Which country's law apply?
June 4, 2013 5:15 AM   Subscribe

Friend working overseas for an USA company.

This friend has been working for many years overseas for an USA company. He gets paid in US$ and his contract reads that in case of termination of employment he will receive severance package contemplated on that overseas country laws (very large settlement is standard on that country, regardless of the reason for termination). The contract doesn't indicate what country courts/ laws will apply in case of dispute.
The company just decided to end my friend's contract and the severance package is not what it suppose to be according to the contract/ the country laws. I know that reading the contract would be the best way to answer this questions but as a general rule, if my friend wants to fight this, should he hire an attorney in the USA or in the country where he has been rendering his services? When the contract doesn't indicating anything, which country's legal regulation applies?
posted by 3dd to Law & Government (6 answers total) 1 user marked this as a favorite
I think the first lawyer he hires should be a lawyer in the country where he is filing suit, but I guess it also may be unclear in what country that filing should be done in. Seems like he should talk to a lawyer specializing in employment issues for guidance in this.
posted by thelonius at 5:19 AM on June 4, 2013

He should talk to a lawyer in the country where he's worked and where his contract specifies his severance package will be calculated.
posted by DarlingBri at 5:34 AM on June 4, 2013

Your friend should first contact a lawyer in the country in which he works.
posted by dfriedman at 6:05 AM on June 4, 2013 [1 favorite]

IANAL, but I deal with international contracts and legal disputes on a regular basis. Which country's laws apply is not something that can readily or automatically be determined. In fact, it will be the first thing that the courts determine if the matter should go to court. If your friend wants to fight to have local law applied to the severance package, he should start with the legal process in that country, with a local lawyer. It may be that the local courts determine that they do not have jurisdiction over the contract and the dispute arising therefrom. There are cases where foreign courts (in this case the US courts) decide on and enforce a judgment based on the laws and legal principles of a foreign country, but that's a rather exceptional, complicated and expensive process.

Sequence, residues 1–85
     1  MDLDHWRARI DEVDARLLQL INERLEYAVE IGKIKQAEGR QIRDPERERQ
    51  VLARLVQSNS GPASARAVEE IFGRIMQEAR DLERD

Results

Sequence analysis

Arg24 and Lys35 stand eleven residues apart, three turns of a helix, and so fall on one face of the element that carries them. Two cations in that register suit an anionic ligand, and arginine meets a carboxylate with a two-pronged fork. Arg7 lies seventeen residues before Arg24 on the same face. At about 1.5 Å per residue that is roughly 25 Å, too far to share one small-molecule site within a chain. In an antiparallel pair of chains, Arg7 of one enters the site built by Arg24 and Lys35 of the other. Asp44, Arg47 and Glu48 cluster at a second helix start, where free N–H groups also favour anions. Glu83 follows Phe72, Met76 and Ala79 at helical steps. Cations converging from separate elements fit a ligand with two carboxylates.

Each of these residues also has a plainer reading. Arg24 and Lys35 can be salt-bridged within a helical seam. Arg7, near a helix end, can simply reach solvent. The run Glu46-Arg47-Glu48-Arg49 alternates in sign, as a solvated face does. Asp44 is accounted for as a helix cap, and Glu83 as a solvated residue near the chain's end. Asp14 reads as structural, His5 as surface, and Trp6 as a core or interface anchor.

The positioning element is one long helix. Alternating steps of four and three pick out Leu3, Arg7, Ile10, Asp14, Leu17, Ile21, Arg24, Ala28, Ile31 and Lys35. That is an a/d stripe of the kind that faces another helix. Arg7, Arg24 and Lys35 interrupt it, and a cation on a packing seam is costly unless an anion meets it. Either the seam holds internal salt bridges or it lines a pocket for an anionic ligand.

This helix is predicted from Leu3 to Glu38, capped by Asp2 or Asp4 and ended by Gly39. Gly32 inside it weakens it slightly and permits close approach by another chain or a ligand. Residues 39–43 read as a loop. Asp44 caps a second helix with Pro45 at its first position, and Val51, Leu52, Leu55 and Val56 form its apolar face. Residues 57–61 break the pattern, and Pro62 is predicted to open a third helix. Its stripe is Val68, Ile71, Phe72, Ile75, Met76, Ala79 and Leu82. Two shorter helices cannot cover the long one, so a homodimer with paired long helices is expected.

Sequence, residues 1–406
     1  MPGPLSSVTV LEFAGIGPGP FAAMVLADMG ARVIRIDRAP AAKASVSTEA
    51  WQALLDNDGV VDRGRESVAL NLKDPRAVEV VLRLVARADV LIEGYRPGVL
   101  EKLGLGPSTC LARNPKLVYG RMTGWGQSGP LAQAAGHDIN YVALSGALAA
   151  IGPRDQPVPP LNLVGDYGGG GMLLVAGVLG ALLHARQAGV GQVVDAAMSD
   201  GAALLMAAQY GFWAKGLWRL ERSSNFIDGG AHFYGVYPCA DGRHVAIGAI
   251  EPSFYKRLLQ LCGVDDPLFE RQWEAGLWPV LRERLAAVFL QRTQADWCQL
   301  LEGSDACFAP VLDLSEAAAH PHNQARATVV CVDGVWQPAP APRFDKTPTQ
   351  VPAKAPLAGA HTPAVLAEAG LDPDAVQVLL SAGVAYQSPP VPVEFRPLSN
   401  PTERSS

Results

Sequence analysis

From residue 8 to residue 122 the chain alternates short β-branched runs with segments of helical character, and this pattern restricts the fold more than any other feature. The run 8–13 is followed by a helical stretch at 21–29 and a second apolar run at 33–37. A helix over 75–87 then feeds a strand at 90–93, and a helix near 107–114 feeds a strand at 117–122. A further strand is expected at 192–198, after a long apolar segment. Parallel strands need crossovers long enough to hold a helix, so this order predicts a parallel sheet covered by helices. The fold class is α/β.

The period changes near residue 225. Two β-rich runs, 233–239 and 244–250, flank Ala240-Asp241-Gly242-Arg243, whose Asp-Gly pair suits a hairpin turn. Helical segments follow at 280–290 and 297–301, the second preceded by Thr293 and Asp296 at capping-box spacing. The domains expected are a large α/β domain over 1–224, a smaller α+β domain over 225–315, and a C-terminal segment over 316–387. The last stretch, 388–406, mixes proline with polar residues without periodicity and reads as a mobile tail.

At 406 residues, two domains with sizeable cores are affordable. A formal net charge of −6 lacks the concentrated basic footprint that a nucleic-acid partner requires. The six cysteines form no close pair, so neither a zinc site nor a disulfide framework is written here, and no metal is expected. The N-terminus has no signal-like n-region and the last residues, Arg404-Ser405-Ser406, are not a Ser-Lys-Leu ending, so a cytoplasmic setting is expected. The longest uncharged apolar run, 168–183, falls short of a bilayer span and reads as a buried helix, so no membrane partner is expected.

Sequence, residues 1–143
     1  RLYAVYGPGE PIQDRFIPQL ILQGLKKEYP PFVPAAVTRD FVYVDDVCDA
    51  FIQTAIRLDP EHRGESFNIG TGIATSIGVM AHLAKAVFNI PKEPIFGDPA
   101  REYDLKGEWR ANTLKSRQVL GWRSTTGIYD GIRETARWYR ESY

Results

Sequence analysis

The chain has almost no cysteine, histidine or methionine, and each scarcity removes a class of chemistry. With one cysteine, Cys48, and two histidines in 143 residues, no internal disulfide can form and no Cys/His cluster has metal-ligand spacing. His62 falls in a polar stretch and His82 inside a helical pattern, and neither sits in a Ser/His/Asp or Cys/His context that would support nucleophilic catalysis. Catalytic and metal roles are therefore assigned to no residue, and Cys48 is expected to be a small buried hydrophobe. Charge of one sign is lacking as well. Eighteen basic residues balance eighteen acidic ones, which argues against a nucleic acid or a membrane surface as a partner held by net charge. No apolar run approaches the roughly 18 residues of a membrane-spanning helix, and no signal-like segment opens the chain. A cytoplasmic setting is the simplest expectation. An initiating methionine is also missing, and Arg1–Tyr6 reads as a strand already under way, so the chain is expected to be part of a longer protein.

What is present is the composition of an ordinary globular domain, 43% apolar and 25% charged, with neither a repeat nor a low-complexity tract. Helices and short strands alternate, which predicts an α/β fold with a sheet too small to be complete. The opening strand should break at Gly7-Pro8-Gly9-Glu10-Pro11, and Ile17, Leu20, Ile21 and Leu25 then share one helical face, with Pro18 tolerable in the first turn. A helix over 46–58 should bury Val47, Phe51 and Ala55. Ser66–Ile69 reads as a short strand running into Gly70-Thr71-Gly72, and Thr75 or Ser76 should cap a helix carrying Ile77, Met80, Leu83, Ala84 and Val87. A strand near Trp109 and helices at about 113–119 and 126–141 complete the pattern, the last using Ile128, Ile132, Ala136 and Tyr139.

Your friend may find this discussion of jurisdictional conflict helpful.
posted by drlith at 6:19 AM on June 4, 2013 [2 favorites]

Two of the questions that might matter:
-if your friend has been working in that one overseas country the whole time, or if he goes where is needed.
-if your friend was hired in said country, or if they got transferred there, etc.

Since you say the contract says there's termination in country x, then the lawyer to talk to (not hire, yet) is someone in that country. If they can find a bigger law firm, or one that might have some understanding of American law (or can make a referral to a fellow lawyer who does), that would be best.

PS: the branch of law that deals with this is Conflict of laws, sometimes known as private international law. I would expect any lawyer who is competent in the area would know one of those two terms.

posted by Lemurrhea at 6:19 AM on June 4, 2013

I'm an employment lawyer. This question cannot be answered without reading the actual contract. The key is to contact a US lawyer in the country you are in. Large US law firms have offices in foreign countries. You can go to one of those and ask for a paid consult. It will be worth it.
posted by Ironmouth at 8:14 AM on June 4, 2013

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